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Samuel J. Brendler

. The most complete discussion of the subject is a monograph by Wichmann 7 in which human case reports are reviewed along with experimental animal data. Ferrier and Yeo 3 electrically stimulated the cervical and lumbosacral anterior roots in monkeys, and observed the muscle contractions and movements of joints of the limbs. Forgue 4 repeated this work in dogs and monkeys. Herringham 6 reported the results of his dissection of human fetal and adult brachial plexuses. This was the first attempt to study human cervical nerve roots and brachial plexuses in a

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H. Verbiest

. We had occasion to perform this operation for a spontaneous vertebral arteriovenous fistula, following Henry's procedure. The vertebral artery was lifted from its bed by means of tapes applied above and below the lesion, and the abnormal communications could be occluded while the artery remained patent. 21 As we viewed the operative exposure, it occurred to us that this procedure provided excellent access to the lateral aspects of the cervical vertebral bodies, the intervertebral foramina, and the portion of the anterior rami of the brachial plexus lying in the

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Brachial Plexus Avulsion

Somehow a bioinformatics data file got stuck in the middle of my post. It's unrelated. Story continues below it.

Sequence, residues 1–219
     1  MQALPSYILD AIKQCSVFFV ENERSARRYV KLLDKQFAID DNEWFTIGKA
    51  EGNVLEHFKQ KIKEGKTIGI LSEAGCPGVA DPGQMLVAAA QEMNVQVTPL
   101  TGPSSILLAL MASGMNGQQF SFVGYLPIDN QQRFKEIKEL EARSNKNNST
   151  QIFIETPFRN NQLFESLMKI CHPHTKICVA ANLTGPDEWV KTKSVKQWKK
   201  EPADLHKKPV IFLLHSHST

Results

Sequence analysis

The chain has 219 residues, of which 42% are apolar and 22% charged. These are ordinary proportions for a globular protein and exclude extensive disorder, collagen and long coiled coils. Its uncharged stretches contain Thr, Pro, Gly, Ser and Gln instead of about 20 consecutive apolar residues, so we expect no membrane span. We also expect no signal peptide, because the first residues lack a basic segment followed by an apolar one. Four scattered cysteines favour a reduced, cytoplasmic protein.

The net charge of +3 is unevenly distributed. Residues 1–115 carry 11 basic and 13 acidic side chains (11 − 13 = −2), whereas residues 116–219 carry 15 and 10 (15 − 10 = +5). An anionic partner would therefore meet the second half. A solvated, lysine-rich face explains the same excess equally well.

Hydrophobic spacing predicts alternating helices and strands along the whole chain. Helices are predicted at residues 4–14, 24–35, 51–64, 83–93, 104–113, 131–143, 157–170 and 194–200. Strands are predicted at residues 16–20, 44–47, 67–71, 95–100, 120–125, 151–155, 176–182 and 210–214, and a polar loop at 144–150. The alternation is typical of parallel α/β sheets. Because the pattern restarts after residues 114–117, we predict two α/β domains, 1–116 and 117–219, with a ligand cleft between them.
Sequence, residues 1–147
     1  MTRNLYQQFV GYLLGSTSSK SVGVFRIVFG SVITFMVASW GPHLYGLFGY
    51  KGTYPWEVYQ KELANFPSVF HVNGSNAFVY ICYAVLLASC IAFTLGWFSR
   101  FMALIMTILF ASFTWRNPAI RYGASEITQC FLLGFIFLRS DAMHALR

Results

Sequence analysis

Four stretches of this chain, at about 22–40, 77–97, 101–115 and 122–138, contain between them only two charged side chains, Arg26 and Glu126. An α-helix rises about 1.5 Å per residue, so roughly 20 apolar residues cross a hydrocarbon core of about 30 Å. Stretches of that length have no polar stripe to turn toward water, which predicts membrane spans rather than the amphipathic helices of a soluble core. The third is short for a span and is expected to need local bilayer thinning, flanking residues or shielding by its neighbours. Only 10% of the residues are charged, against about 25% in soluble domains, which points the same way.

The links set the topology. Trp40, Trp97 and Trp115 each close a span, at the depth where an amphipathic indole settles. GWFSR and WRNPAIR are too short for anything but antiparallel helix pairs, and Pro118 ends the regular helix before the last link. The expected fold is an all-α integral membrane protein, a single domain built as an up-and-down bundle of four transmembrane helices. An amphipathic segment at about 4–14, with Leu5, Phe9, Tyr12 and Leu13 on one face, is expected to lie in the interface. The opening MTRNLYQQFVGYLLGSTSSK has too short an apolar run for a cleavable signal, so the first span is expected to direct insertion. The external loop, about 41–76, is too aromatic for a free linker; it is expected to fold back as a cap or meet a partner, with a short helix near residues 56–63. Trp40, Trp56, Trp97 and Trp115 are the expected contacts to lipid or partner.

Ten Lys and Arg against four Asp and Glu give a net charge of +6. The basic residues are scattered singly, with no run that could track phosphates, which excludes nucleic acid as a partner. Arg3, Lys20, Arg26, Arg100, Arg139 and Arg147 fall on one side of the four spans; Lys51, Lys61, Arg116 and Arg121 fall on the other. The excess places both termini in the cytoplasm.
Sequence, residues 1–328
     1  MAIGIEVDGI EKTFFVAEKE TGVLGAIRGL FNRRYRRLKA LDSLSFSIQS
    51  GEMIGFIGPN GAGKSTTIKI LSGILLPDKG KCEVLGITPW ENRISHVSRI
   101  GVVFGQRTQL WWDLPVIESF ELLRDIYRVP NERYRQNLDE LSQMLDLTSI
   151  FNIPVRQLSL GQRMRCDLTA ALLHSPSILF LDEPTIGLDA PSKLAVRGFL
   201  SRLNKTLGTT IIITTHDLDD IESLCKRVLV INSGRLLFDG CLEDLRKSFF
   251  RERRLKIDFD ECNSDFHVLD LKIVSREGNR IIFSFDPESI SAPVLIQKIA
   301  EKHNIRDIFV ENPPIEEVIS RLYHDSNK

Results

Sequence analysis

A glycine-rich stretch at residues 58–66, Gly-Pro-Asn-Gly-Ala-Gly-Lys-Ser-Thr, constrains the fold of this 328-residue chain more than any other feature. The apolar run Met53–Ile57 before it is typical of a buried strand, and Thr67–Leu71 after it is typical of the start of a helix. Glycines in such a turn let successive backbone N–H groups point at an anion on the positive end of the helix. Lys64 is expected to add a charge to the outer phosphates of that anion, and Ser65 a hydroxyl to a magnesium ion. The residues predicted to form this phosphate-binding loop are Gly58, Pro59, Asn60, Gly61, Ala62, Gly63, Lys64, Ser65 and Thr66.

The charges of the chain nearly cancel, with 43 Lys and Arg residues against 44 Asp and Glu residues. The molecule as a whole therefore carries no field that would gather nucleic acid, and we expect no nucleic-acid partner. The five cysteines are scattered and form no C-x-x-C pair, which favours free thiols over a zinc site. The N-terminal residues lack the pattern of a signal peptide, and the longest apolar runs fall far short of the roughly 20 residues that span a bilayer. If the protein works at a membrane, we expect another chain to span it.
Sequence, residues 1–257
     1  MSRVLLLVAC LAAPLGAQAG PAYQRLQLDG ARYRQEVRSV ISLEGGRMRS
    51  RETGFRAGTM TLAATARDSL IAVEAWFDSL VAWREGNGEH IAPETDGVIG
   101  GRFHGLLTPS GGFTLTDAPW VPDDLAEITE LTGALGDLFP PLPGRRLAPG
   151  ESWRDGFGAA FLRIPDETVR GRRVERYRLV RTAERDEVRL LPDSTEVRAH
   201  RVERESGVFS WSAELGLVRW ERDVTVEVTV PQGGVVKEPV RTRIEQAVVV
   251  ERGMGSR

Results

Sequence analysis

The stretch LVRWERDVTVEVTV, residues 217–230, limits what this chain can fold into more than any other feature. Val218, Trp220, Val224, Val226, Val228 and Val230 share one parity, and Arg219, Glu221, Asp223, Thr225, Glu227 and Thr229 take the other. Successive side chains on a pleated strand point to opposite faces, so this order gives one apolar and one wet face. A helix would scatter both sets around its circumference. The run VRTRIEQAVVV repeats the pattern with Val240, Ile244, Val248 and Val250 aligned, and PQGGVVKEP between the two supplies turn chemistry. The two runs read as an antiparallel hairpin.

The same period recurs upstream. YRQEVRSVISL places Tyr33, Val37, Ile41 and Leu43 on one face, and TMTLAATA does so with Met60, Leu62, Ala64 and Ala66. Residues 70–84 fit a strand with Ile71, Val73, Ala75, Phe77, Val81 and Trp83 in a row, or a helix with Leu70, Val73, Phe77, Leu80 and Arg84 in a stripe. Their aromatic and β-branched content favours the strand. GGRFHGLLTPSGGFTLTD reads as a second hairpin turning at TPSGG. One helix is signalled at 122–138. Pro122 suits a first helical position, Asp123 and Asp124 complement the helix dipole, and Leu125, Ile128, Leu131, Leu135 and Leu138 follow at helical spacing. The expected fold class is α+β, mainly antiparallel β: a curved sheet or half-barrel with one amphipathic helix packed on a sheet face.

A Review of Diagnostic Procedures and Report of Six Cases

Juvencio Robles

I n 1947, Murphey and his coworkers 9 accidentally discovered the value of cervical myelography in the diagnosis of avulsion of the brachial plexus while performing a myelogram in an attempt to rule out a herniated cervical disc in a patient with symptoms in his left arm. They found a defect which they called “traumatic meningocele.” Since that time this finding has been considered pathognomonic of spinal root avulsion. Bonney 1 introduced the axon reflex test in the differential diagnosis of avulsion and peripheral lesions of the brachial plexus. During

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William F. Bouzarth Tetsuo Tatsumi May 1968 28 5 417 428 10.3171/jns.1968.28.5.0417 Inappropriate Secretion of ADH Caused by Obstruction of Ventriculoatrial Shunts Burton L. Wise May 1968 28 5 429 433 10.3171/jns.1968.28.5.0429 Brachial Plexus Avulsion Juvencio Robles May 1968 28 5 434 438 10.3171/jns.1968.28.5.0434 Nerve Root Conduction Studies During Lumbar Disc Surgery Carl V. Granger Stevenson Flanigan May 1968 28 5 439 444 10.3171/jns.1968.28.5.0439 Erosion of the Petrous Temporal Bone by Neurilemmoma Philip V. Best May 1968 28 5 445

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David M. Leivy, Davit Tovi and Erich G. Krueger

lumbar nerve roots was subsequently confirmed by Gruss 7 and Wrete, 21–23 who also found them in the lower roots of the brachial plexus. It was felt at that time that the intermediate ganglia had not migrated far enough from the neural crest and that their postganglionic fibers passed through the white rami to the ganglionic chain to join the main postganglionic fibers in their usual course through the gray rami communicantes. 16 Alexander, et al. , 1 found the intermediate sympathetic ganglia in human material next to or imbedded in the white and gray rami, or

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Fred C. Kriss, Donald R. Kahn and Richard C. Schneider